13 Jun 2023 3 min read

The Fed’s hidden hand in global monetary policy

By Emiel van den Heiligenberg

Recent rate hikes ahead of the Fed's meeting later this week reflect the far-reaching influence of King Dollar.


The surprise interest rate hike by the Bank of Canada (BoC) last Wednesday after a similar surprise by the Reverse Bank of Australia (RBA) unsettled US yields a bit and made us debate whether the BoC and RBA actions have a read-across to the US Federal Reserve (Fed).

Both banks restarted rate hikes after a pause amid worries about more persistent inflation pressures. The Norges bank hiked rates after a pause earlier, and Norwegian inflation numbers unexpectedly accelerated last week. Some talking heads in the market say this indicates an increased willingness of central banks to surprise markets.

Could this raise the likelihood the Fed might have a surprise in store as well? Tim Drayson, our Head of Economics, doesn’t think a June surprise is likely, though a high CPI print just ahead of the decision could change that assessment.

Follow the Fed

So, what could explain the fact that the central banks mentioned above seemed trigger happy?

Canada, Norway and Australia are small, open economies in which exchange rates have an outsized influence on inflation. They are raising interest rates in part because they think the Fed will hike once more, and if they fail to match this they risk foreign exchange depreciation that would add to domestic inflation pressures.

As Willem Klijnstra, one of our strategists, often states, the Fed is the price-setter here, and the other central banks are the price-takers.

Where next for the Japanese yen?

Another currency whose strength is strongly influenced by US monetary policy is the Japanese yen.

The yen is cheap. Very cheap when looking at real effective exchange rates, but also cheap on any other alternative valuation approach. Japanese equity markets are reaching highs not seen since the asset price bubble burst in the early nineties, so should we expect the yen to follow? In our view, no.

As long as the Bank of Japan (BoJ) is on hold, we believe the yen will be a US duration trade. With interest rate differentials widening the yen has stayed rather weak, only adding to the cheapness of the currency. A US recession with Fed rate cuts and lower equity markets could see the yen’s safe-haven status return, but as this will be the most anticipated US recession ever, investors may be disappointed. Also, this may crush any hopes for a return to sustainable inflation in Japan.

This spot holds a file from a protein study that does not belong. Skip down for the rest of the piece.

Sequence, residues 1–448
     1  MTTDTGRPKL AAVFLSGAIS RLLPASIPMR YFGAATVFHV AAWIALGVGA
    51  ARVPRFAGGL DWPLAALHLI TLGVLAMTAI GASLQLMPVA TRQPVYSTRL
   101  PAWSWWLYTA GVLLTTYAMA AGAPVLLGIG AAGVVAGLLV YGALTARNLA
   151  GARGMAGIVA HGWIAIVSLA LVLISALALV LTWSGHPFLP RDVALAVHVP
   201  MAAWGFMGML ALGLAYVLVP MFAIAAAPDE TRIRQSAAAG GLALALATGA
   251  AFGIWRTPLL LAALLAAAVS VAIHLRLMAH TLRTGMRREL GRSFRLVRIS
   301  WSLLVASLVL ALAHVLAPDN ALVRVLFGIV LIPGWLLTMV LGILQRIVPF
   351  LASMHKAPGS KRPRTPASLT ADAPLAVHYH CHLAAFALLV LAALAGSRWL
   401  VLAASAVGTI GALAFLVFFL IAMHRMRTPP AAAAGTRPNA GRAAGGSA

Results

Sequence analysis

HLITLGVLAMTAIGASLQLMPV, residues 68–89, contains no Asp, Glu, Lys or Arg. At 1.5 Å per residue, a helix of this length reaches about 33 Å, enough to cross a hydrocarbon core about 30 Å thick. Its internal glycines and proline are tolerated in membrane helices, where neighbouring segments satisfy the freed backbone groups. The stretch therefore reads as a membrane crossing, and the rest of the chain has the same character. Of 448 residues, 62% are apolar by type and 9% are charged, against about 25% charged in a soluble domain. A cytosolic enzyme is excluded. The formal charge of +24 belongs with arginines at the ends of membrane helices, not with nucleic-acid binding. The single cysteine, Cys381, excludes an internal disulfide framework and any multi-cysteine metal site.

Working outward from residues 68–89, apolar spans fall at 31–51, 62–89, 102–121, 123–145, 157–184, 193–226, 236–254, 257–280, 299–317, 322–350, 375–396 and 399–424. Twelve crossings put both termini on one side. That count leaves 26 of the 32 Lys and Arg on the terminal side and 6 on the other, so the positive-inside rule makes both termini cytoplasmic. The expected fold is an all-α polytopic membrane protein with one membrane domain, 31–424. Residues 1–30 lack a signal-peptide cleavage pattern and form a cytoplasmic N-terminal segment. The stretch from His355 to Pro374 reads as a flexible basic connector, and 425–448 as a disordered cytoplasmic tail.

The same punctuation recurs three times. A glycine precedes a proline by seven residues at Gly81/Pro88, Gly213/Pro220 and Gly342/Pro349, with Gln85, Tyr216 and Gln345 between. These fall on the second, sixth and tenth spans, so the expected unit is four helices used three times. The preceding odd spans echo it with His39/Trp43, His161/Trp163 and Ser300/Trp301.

We can only see that longer-term valuation gap narrowing significantly if and when the BoJ abandons its negative interest rate policy; tweaking or abandoning yield curve control is not enough.

Some make the argument that any downside to the yen is limited by the threat of intervention by the BoJ, as they did recently at a level of 150 yen to the US dollar, but for the BoJ it’s more about managing volatility (speed of depreciation) than level per se, so we don’t expect any support soon.

We choose to stay on the side-lines for now, with a negative bias to the yen, and will only pursue the value in the yen if and when negative interest rates are bound to disappear, or ideally a little bit before that.

Emiel van den Heiligenberg

Head of Asset Allocation

Emiel is responsible for the overall strategic direction of the team’s investment and business strategy. He claims to have been a promising lightweight rower at university until French fries got the better of him. Reflecting his love for rowing in a team, he firmly believes that excellence can only be achieved by a great team made up of motivated individuals that are also eager to work together. To this end he is the self-proclaimed inventor of the verb 'teaming' to acknowledge that shaping a top team and culture of excellence is an ongoing process. Outside of work-family obligations, Emiel’s spare time is filled by a passion for shark diving and skiing. Prior to dedicating his career to portfolio management in 1996, Emiel worked as a policy adviser in the Dutch Ministry of Finance and he graduated from Tilburg University in the Netherlands ages ago. When not glued to his Bloomberg screens, this Dutch man is hooked on computer games, peanut butter and his favourite dark beer made by Belgian monks.

Emiel van den Heiligenberg